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Home  /  Sharia Law in US  /  Alabama’s abortion law is not ‘Christian Sharia,’ professor says. Sharia isn’t as inflexible, as draconian.

The near-complete ban of abortion in Alabama coupled with the proposed anti-abortion legislation spreading around the country bring into focus the destructive consequences visited upon women’s rights by literalist religious doctrine justified by science cum legislating morality. This position on abortion is rigid allowing no room for grey areas. No room for disagreement.

Sharia has a contribution to make to the debate on this very personal and emotive issue. Without an ecclesiastical hierarchy in Sunni Islam, there was no institutional monopoly over divine intent. For this reason, codification of the law – a hallmark of Western law – was not a feature of the Sharia. This environment fostered and actually encouraged different interpretations of the law that in turn developed into full-fledged legal schools.

Like every religious tradition, Islam considers life to be sacred. With the sacredness of life as a starting point, the scholarly opinions on termination of pregnancy depended on whether a fetus was aborted before being en-souled or after being en-souled. The majority of scholars prohibited termination once a fetus had been en-souled but differed on the issue of termination before a fetus was en-souled.

To identify the moment a fetus is endowed with a soul, the scholars turned to the Quran and the Sunna for guidance. From a “sperm in a well-guarded cavity,” the Quran explained, it turns into “a blood clot, the blood clot into a morsel” that then turns into bones that later are “clothed with flesh.” (Q. 23:12) The Prophet Muhammed elaborated on the timeline of this process: “Each one of you is collected in the womb of his mother for forty days, and then turns into a clot for an equal period (of 40 days) and turns into a piece of flesh for a similar period (of 40 days) and then the angel is sent to breathe a soul into him.”

Guided by the Quran and the words of the prophet, the majority of scholars concluded that a fetus is en-souled at 10 days after the fourth month of pregnancy. A group of scholars concluded that terminating a pregnancy was either permitted without conditions or permitted with conditions before 120 days of pregnancy. Other scholars said before 80 days, while yet another group of scholars said before 40 days. Many of these scholars concluded that termination before a fetus is en-souled was simply disliked, that is, better not to do it but if you do there is no punishment. Ibn Aqil, a prominent 12th-century Hanbali scholar, for example, held that a Muslim woman is permitted to take medicine to abort a fetus before 120 days.

The pluralism of the Sharia gave a Muslim individual discretion to choose which legal opinion to follow from a variety of different equally valid opinions. In the pre-modern Sharia setting, a Muslim woman would consult with one or more religious scholars and select among the opinions. Whether permitted, prohibited or disliked, all of these legal conclusions are valid. In the pre-modern period, no state or executive authority could dictate the opinion that a Muslim woman must follow.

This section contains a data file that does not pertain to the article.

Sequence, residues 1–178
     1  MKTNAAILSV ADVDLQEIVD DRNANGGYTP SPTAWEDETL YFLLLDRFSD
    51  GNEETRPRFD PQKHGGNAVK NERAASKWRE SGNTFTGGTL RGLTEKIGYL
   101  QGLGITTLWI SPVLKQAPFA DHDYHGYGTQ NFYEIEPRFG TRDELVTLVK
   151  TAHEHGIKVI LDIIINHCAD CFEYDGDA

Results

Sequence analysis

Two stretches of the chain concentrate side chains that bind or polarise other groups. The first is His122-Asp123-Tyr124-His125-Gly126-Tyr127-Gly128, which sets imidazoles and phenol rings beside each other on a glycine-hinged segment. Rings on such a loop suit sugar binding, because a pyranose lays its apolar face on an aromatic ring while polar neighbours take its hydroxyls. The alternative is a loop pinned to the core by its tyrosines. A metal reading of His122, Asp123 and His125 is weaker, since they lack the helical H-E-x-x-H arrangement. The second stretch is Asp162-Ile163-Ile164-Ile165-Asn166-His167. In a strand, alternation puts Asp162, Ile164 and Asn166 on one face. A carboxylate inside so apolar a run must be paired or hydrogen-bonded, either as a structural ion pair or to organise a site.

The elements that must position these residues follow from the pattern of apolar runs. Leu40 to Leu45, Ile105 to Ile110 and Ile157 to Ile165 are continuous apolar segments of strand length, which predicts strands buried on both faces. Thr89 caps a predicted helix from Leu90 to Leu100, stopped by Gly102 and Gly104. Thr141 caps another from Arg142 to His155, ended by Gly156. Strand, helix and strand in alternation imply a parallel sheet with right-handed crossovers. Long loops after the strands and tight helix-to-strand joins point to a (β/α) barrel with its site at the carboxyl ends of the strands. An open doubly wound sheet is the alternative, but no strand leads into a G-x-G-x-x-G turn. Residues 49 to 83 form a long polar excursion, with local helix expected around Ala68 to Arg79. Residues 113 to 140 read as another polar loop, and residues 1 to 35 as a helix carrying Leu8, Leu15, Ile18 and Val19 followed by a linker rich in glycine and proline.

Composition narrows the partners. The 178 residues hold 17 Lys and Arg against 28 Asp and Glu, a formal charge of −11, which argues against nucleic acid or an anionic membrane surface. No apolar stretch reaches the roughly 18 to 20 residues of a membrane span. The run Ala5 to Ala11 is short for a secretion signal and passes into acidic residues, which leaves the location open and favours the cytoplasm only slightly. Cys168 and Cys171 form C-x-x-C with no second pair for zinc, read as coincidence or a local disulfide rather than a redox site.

Terminating before a fetus was en-souled, therefore, was not automatically a sin. Violating the termination guidelines, furthermore, was not a crime. The scholars disagreed on the punishment for terminating a pregnancy after 120 days. Some held the punishment for the mother would be the paying of “blood money” for the fetus’s legal heirs. Others also required the mother to pay expiation – a charity assessed as a penalty for violating God’s rights. Some said the expiation is recommended, while others, determined it is obligatory.

The Sharia’s flexibility was that it anchored the development of the law upon social, cultural, economic and familial circumstances. This provided grey area, wiggle room and nuance. Anchoring it in science – viewed as actual ‘truth’ – leaves the faithful with almost no discretion.

The Alabama and Missouri anti-abortion legislation seeks to legislate the religious beliefs of one group of Americans as the law of the land. For the majority of Americans, they do not want abortion to be outlawed – whether on religious or secular grounds. These radical anti-abortion laws are inconsistent with America’s pluralistic society, which is adverse to legislating morality. The Alabama and Missouri laws would prohibit, for example, a Muslim woman that believes that terminating her pregnancy before 120 days would not violate her religious beliefs.

I am sure this is surprising to most Americans but the Sharia rulings with respect to termination of pregnancy only applied to Muslims. Christians, Jews and other non-Muslims living in Islamic territories were subject to their own religious law. Turns out that the medieval Sharia was ahead of the times by being more flexible and accepting of different opinions on this issue than the modern militant pro-life crowd.

Abed Awad is a New Jersey attorney, a national expert in Islamic law and an adjunct professor at Rutgers Law School.


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